The aim of this study was to evaluate the weathering degree of oil samples as well as biomarkers' recalcitrance after long term weathering. Residues of Amoco Cadiz oil (1978, France) and Erika oil (1999, France) were collected at two different locations in Brittany, France in 2019. Combined with SARA (Saturate, Aromatic, Resin and Asphaltene) fractionation, n-alkanes from n-C10 to n-C35, PAHs (parent and alkylated compounds), hopane, sterane and TAS were analysed in the weathered sample as well as in reference oil stored at Cedre since the two oil spills.
MATERIAL AND METHODS
In 2019, two sites polluted during the Erika spill (Porz Teg, Britany, France) and the Amoco Cadiz spill (Ile Grande, Brittany, France) were visited and samples of oil were collected. Figure 1 (Portz Teg) presents a rocky shore with thin patches of asphalt pavement (sample #ER1) attributed to the Erika oil. At the Ile Grande location (salt marshes), two samples were collected: the first (Figure 2) corresponds to an accumulation of sheens and small oil droplets (2 mm diameter) collected at the water surface a few seconds after the muddy sediment was agitated. The second (Sample #AM2) was an asphalt pavement partially buried (10 cm depth) in fine sediment.
Concerning the initial oil samples from the Erika and the Amoco Cadiz, the first corresponds to the sample of heavy fuel oil provided by the refinery where the Erika was loaded. The second corresponds to a sample of oil collected on the shoreline of north Brittany one day after the oil spill (17 March 1978) and stored at the town hall of Trebeuden (France). The sample was kindly provided in 2019 by this municipality.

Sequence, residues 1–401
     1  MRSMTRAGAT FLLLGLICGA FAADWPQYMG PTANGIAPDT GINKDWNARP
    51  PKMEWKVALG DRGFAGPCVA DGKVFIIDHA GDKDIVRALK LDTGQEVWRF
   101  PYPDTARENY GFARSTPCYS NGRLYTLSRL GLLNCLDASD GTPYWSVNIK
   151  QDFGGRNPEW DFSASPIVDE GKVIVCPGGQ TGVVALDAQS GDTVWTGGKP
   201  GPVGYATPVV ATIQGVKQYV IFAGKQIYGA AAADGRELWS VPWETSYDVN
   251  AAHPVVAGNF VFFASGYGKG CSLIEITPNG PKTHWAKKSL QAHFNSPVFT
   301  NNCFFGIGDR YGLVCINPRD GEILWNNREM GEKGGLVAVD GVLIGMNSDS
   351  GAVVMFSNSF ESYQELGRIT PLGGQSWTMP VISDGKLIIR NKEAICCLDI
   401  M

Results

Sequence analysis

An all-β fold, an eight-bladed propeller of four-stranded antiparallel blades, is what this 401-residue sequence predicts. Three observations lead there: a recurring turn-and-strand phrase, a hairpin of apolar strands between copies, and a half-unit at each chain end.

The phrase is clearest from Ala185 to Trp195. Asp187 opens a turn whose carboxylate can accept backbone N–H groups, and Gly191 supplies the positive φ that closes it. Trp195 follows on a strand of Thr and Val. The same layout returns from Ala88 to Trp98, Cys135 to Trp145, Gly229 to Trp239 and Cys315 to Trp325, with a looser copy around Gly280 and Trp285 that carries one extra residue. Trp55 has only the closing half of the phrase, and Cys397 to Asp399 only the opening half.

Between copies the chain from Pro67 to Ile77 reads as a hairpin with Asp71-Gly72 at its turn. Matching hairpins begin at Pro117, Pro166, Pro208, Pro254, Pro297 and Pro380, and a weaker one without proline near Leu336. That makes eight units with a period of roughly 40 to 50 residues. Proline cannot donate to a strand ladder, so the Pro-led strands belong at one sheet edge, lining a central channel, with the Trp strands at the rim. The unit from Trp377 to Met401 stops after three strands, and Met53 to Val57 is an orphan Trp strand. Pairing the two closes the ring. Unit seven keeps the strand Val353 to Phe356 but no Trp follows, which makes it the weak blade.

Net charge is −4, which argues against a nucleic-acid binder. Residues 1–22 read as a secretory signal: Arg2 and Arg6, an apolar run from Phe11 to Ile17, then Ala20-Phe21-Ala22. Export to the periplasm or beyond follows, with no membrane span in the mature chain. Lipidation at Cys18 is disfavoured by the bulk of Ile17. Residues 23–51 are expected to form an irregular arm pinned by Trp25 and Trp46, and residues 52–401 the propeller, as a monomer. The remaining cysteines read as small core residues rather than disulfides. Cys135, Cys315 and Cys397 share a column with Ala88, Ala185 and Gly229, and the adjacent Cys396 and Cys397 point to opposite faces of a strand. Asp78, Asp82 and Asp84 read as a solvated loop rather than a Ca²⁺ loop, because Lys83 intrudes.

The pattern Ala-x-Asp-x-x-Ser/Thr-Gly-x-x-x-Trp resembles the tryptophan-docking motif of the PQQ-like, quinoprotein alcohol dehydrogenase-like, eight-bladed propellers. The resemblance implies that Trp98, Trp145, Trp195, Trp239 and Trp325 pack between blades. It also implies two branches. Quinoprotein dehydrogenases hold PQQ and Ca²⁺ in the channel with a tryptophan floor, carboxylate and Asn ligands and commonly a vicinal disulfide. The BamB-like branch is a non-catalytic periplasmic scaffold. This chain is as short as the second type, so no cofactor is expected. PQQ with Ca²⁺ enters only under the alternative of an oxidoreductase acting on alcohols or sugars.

Oil sample extraction
Samples were extracted with 30 mL methylene chloride at 100°C and 2000 psi for 14 minutes using a Dionex ASE 350 accelerated solvent extractor. Extractions of sediment were performed twice for each sample. Organic extracts were dried over Na2SO4 (activated at 400°C for 4 hours) and concentrated to approximately 2 mL using a Syncore (Büchi Labortechnik AG, Flawil, Switzerland). Approximately 20 mg of extracts were then fractionated using SPE (Solid Phase Extraction) cartridges (silica/cyanopropyl (SiO2/C3-CN) (1.0/0.5 g, 6 ml) (Interchim, Montluçon, France)) (Alzaga et al., 2004): saturate and aromatic fractions were eluted simultaneously with 8 mL of methylene chloride / pentane mixture (80/20, v/v) and concentrated to approximately 2 mL under a stream of nitrogen.
The evolution of the oil composition was assessed by fractionation into 4 chemical families. Asphaltenes were precipitated in n-pentane and were filtered on a glass fibre filter. The maltene fraction was then separated on a silica-alumina column (30 cm x 1 cm). Saturates were eluted with n-pentane, aromatics with an n-pentane/dichloromethane 80/20 mixture, and resins with a methanol/ dichloromethane 50/50 mixture. The various fractions were weighed after evaporation of the solvent and stabilization of the masses.